• Regex is built into the standard library
  • No distinction between str and String -- there is only String, and can be declared literally without .to_string() or other things.
  • Varargs are supported using the spread operator (...). Use sparingly or I'll take it from you.

Differences from TypeScript

  • Futures are lazy like in Rust, so when transpiled to a Promise they do not run eagerly. You must await them.
  • Integers are supported properly
  • Byte strings are supported
  • No support for heterogenous arrays or similar containers. Use the Any type if this is necessary
  • No hijacking the import system to implement things like .css injection -- this is sorted out properly as part of the bundler instead.
  • Lune comes with a runtime -- a chunk of code injected into the project to enable behaviour at runtime, such as trait registration, finalize registration, object construction and symbols necessary for injecting Lune-specific data into objects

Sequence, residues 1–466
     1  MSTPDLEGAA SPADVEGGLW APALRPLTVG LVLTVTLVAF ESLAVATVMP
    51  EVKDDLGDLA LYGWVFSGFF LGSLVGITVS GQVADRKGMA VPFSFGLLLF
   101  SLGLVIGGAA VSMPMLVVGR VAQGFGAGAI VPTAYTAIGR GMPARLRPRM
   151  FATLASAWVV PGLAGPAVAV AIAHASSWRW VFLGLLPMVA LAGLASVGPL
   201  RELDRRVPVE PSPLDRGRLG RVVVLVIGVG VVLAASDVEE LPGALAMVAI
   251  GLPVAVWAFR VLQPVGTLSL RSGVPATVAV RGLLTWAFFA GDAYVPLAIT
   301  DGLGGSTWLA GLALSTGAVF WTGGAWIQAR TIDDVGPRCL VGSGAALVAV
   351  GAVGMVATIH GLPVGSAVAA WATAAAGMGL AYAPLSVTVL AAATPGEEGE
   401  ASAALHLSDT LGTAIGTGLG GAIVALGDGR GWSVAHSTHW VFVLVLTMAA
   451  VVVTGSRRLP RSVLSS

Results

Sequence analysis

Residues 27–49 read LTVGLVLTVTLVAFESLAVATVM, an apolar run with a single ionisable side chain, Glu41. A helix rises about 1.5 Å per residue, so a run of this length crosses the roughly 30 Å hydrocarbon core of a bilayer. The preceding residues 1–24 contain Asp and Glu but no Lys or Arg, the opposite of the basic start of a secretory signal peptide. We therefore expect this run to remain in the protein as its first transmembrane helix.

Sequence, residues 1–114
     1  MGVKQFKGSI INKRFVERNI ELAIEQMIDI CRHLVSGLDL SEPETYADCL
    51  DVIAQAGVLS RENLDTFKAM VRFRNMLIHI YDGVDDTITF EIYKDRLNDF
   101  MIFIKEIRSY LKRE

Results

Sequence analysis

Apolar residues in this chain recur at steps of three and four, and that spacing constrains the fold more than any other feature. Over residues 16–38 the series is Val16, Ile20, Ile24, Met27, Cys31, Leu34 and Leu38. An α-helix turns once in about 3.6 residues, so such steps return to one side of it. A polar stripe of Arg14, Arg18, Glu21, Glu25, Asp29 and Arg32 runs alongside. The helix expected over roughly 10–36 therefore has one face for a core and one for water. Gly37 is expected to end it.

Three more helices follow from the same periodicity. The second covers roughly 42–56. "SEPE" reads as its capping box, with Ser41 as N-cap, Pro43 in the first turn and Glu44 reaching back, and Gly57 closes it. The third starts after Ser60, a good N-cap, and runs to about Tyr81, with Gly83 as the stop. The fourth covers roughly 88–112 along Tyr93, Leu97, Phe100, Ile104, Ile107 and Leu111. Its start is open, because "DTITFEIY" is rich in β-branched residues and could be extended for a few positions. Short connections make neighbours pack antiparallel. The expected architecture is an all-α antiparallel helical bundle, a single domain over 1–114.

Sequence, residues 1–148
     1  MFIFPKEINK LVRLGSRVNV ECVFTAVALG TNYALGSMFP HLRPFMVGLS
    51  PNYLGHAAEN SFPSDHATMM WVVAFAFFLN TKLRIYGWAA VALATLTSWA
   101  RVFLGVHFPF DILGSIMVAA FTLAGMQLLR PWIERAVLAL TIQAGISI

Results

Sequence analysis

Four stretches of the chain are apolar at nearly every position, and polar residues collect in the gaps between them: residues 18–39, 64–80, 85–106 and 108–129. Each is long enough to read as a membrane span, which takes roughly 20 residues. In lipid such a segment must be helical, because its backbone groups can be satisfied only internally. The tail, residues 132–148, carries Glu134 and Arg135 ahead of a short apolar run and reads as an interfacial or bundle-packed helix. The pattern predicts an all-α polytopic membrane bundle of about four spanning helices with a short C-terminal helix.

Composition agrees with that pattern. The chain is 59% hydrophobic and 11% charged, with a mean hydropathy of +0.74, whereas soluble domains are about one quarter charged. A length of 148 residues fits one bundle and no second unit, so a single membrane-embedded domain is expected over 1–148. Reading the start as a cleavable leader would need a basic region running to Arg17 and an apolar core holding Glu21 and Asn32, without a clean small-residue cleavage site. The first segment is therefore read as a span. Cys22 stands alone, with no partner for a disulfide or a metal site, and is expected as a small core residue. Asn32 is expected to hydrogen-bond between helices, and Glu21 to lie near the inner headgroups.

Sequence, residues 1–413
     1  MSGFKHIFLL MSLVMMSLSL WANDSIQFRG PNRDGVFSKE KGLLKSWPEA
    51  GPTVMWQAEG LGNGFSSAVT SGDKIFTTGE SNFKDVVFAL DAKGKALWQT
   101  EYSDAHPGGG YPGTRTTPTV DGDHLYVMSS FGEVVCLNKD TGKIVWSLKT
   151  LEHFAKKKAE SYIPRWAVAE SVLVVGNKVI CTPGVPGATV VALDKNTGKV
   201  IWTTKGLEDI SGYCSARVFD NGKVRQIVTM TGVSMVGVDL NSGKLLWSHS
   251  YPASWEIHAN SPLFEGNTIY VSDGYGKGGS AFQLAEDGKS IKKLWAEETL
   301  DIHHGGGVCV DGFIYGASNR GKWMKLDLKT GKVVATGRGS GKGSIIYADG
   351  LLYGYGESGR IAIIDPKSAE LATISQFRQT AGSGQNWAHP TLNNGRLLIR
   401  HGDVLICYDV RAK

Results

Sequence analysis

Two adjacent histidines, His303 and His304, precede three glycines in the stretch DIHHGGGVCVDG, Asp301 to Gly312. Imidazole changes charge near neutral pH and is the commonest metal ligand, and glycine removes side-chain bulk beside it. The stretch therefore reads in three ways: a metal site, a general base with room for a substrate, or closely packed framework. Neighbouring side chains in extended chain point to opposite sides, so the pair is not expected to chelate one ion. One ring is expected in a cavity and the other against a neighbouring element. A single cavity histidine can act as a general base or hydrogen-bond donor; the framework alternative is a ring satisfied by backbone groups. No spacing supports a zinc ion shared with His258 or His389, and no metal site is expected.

• Maps are preferred over objects, and there is no way to construct an anonymous object in Lune, only via a struct
  • Most language items are expressions like in Rust, which means there's no ternaries or similar since if expressions can return values
  • No more surprise nulls popping up in awkward places
  • Nicer standard library for common tasks, like getting first or last item in an array
  • Traits. There are no interfaces on this planet, but escape hatches exist for interoperability with TypeScript when required using attributes.
  • Variable shadowing is explicitly supported and encouraged.
  • Operators can be implemented on any Lune type
  • No function overloading

Current status

The lexer can handle 100% of the Rust language with some extensions for Lune, and without the parts not used like unsafe.

Parser is coming along, with the AST partially written. Standard library is partially written. Lune TypeScript runtime library is partially written. TypeScript output generator is partially written.

Roadmap

  • 0.1: First 'usable' release. "lunedoc" generated by the lune CLI using lune with React, a rough starting point at the std library for the web.
  • 0.2: A usable bundler workflow for making real web applications
  • 0.3: Language server support and syntax highlighting
  • 0.4: Integrated code formatting
  • 0.5: Integrated package management